Not long after the three Watson Bros from Grandie Watson’s first marriage to Isobella Robinson, settled Gregory Downs three of their half brothers from their father’s second marriage to Constance Armstrong also travelled north to seek their fortune on Cape York.
Fired by reports brought back by the Jardine Brothers (Frank & Alick) in their expedition through Cape York Peninsula in 1864-65, and the explorations of explorer and prospector, William Lakeland, came three more brothers, Grandie, Leo and Edward (Edmund or Eddie) Watson.
The Watson’s followed closely upon the heels of the Massey brothers, Glenville and Charles, who took up Rokeby Station on the South Coen River in 1884. Charles Massey was killed by the aboriginals shortly afterwards.
Initially, in 1881-2, young Grandie (named after his father) aged only 18, had taken up some worthless country he named Walwa Plains about 100 kms from Cooktown, on the Kennedy River. He stocked this country both with cattle he had purchased in Victoria and driven overland and some cattle were also supplied from Gregory Downs. Grandie subsequently abandoned Walwa Plains around 1886 and took up country further north on part of Pioneer Downs which he named Merluna (an aboriginal word meaning clever), located between the Archer and Batavia Rivers on Cape York, then the most northerly cattle station in Queensland.
In 1886 his brother’s Leo and Eddie joined him aged 18 and 15 respectively! In 1887 more cattle arrived at Merluna from Gregory Downs.
At first Merluna was registered in the name of their father, S G Watson, but in 1888 it was transferred to the three brothers. Part of York Downs was also acquired by S G Watson.
The brothers had a hard struggle to keep the station going, and for sometime it scarcely paid for its upkeep. Often they took small mobs of cattle to Coen and received 35/- a head for them. When the gold rush at Egagoolah started, the Watson’s sold their bullocks for ₤8 a head.
On the 11 May 1889, Eddie Watson attended a muster on Pine Tree Station, owned by Pat Fox and only 5 miles from the Mein Telegraph Station. The Pine Tree homestead was a primitive bachelor quarters built of bark and slabs. The day the musterers arrived back at the homestead for provisions, Jack and Louisa Boyd had also arrived at the station and there were a lot of wild-looking aboriginals about the place. Jack Boyd was a drover and cattle buyer who was a friend of the Watson Bros who was later to manage Merluna for them.
The Pine Tree Station manager, Bill Nicholls, who was part aboriginal, assured the visitors they were friendly and wanted them to stay the night at Pine Tree before continuing their journey.
The visitors, however, declined the offer, and went on to the Mein Telegraph Station where they camped the night.
All was well at Mein telegraph station when the visitors went to bed in the fortress-like building that night, but such was not the case at Pine Tree.
At about 3 o’clock in the morning, a little aboriginal boy named Carpenter, arrived at the Mein Telegraph Station from Pine Tree, and told the Boyd’s that:-
“Wild blackfella, he creep up, killum white mans-big fella kill.”
Apparently, just after midnight, by the light of a full moon, the tribesmen (from a nearby big camp of Aborigines) had crept up to the Pine Tree homestead and launched their attack on the sleeping white men.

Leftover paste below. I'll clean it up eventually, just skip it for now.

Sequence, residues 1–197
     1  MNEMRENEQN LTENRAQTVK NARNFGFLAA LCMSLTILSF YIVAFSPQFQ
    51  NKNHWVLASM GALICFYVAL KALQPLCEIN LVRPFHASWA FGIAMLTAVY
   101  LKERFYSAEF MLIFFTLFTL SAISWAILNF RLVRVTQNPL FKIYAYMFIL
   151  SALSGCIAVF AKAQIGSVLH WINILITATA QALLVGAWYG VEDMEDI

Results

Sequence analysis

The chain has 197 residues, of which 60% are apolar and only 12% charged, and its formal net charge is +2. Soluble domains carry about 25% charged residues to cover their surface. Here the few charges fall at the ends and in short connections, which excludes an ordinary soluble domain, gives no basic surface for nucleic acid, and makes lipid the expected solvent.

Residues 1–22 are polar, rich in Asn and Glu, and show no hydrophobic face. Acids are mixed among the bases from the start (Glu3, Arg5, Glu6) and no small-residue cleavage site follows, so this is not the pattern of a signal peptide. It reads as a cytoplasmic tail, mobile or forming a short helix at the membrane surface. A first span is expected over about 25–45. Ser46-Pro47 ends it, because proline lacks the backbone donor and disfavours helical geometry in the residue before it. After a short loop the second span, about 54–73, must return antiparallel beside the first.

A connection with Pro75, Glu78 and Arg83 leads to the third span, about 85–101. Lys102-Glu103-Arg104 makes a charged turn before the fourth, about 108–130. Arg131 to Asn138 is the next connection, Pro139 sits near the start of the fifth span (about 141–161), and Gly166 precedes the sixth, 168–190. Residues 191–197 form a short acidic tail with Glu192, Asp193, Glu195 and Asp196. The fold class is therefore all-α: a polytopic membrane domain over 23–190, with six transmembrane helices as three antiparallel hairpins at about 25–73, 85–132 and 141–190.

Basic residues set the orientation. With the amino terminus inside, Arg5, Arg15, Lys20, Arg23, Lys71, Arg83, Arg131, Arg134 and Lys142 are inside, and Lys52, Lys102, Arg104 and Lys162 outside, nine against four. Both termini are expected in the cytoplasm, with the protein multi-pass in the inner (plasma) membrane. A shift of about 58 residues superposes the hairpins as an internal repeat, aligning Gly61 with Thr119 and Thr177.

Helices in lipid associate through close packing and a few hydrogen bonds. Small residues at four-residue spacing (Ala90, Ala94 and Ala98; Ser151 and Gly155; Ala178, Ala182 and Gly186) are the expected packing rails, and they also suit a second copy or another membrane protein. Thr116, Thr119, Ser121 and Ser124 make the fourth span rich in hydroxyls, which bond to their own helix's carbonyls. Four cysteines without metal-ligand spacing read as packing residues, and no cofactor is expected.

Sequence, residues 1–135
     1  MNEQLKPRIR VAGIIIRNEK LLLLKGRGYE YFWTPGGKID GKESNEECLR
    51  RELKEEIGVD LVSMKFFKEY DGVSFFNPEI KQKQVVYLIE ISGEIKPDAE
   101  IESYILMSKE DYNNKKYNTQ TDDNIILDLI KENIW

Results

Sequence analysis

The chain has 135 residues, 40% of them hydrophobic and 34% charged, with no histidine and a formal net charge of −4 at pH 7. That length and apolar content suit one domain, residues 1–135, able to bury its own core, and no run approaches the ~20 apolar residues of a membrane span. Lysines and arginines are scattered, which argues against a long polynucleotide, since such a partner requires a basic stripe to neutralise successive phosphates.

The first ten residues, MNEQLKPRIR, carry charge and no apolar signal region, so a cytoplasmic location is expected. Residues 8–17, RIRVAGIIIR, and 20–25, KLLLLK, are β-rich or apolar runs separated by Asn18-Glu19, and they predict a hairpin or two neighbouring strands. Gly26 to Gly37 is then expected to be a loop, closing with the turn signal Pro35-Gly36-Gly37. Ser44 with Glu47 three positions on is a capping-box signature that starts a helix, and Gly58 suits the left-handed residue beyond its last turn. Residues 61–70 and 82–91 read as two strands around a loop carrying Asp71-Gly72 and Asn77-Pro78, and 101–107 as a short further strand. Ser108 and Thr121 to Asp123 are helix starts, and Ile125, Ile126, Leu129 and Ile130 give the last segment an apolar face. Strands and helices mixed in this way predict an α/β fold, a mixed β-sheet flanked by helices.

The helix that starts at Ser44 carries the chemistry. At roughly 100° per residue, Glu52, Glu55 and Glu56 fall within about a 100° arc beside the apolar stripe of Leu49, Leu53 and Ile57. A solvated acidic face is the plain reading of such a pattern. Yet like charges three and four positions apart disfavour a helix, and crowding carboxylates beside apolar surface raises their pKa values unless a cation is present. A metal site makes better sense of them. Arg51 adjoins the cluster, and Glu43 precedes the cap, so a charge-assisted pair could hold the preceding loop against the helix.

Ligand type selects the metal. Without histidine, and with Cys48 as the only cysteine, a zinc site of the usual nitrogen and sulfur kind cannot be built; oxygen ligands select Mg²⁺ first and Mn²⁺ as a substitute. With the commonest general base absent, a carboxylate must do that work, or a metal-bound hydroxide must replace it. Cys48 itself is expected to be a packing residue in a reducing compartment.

Eddie Watson died from a knife-thrust through his jugular vein; Jim Evans had his jaw and neck chopped with a tomahawk and spears grazed the Chinaman’s head. More spears embedded themselves in the wall close to Bill Nicholls’ bed before he rushed to the doorway of the hut, firing his revolver.
Arriving at Pine Tree, the Boyd’s found Eddie Watson dead and a stockman named Jim Evans, had been battered by a tomahawk, but a low roof under which he was lying saved his life. His jaw was broken and a piece of axe blade was embedded in his mouth. The blacks had fled when met by gun fire from the homestead.
The grave of Eddie Watson can still be seen on the rise near the stockyard, at the old deserted Pine Tree homestead.
It seems Merluna was not without its problems and with Eddie’s death did not hold pleasant memories, so the Watson’s sold it in 1914.
We understand that the various runs which made up Pioneer Downs (which had been first taken up by Sefton and Cox in 1884) were transferred to S. G. Watson in 1886 and subsequently to G.J.A. Watson, E.S. Watson and L.T. Watson in 1888. Pioneer Downs was known as Merluna from this date onwards and its name officially changed to Merluna in 1912.
Back in 1876, when the Gregory Downs Watson’s were starting on their way west from Townsville, their father “Grandie” had stayed back and takenover Townsville Station and registered the brand XNO after his 4 year old son (by his second marriage) Xenophon. He returned soon after to Walwa Station on the Upper Murray (then known as the Hume).
Many years later this XNO brand was transferred to “Merluna” on Cape York, where it is still in use today.
Unfortunately Xenophon “Xeno” Tarquin Watson was only to survive 6 years. On Saturday 8th March 1879 he went fishing on the bank of the Yarra River and did not return. The following Wednesday his body was found floating near the opposite side of the river, near Studley Park. He was buried in the C of E section of St Kilda Cemetary on 12th march 1879 adjacent to the grave of his baby brother Sydney and his uncle Harry.
Of the other two Watson brothers from Merluna, Grandie died at Lovatt, Moss Vale in 1937. Leo was killed in a car accident on the Highway at Wyalong on 13 December 1937. There were four people in the car and they had been inspecting sheep at Mount Hope and were returning home when the accident occurred.